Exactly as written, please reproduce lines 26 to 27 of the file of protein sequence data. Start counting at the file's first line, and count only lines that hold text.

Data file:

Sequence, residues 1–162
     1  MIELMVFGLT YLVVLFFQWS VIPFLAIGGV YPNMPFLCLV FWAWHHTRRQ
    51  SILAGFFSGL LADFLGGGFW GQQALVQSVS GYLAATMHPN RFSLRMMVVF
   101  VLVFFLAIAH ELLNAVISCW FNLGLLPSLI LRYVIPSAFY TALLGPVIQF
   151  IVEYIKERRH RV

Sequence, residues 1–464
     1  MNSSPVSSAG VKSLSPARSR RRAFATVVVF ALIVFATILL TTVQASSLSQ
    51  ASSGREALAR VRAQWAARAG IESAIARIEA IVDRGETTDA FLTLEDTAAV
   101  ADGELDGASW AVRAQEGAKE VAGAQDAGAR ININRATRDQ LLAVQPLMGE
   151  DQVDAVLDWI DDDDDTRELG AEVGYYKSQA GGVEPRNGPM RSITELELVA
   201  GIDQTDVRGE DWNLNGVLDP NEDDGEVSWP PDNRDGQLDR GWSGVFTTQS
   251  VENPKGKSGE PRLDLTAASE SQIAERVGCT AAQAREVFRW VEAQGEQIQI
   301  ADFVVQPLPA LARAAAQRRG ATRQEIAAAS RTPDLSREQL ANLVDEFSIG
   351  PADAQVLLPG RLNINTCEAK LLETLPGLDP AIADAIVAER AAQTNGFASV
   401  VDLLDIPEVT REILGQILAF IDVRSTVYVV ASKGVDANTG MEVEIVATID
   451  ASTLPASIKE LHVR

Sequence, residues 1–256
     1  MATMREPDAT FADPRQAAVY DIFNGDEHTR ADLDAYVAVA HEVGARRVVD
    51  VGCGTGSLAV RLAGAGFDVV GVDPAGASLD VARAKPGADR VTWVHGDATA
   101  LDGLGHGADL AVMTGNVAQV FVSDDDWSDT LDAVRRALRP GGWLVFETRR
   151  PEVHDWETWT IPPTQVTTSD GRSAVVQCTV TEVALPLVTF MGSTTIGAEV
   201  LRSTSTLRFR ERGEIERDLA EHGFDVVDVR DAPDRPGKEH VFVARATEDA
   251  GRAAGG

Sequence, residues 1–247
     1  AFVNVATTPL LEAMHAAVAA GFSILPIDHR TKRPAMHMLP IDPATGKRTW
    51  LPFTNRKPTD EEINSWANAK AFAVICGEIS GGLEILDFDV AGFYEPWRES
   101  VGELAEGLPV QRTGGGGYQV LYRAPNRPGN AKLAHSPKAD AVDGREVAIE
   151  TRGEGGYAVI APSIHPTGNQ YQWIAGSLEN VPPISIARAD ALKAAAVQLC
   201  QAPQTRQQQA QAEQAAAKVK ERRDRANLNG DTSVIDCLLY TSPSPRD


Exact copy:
    51  LPFTNRKPTD EEINSWANAK AFAVICGEIS GGLEILDFDV AGFYEPWRES
   101  VGELAEGLPV QRTGGGGYQV LYRAPNRPGN AKLAHSPKAD AVDGREVAIE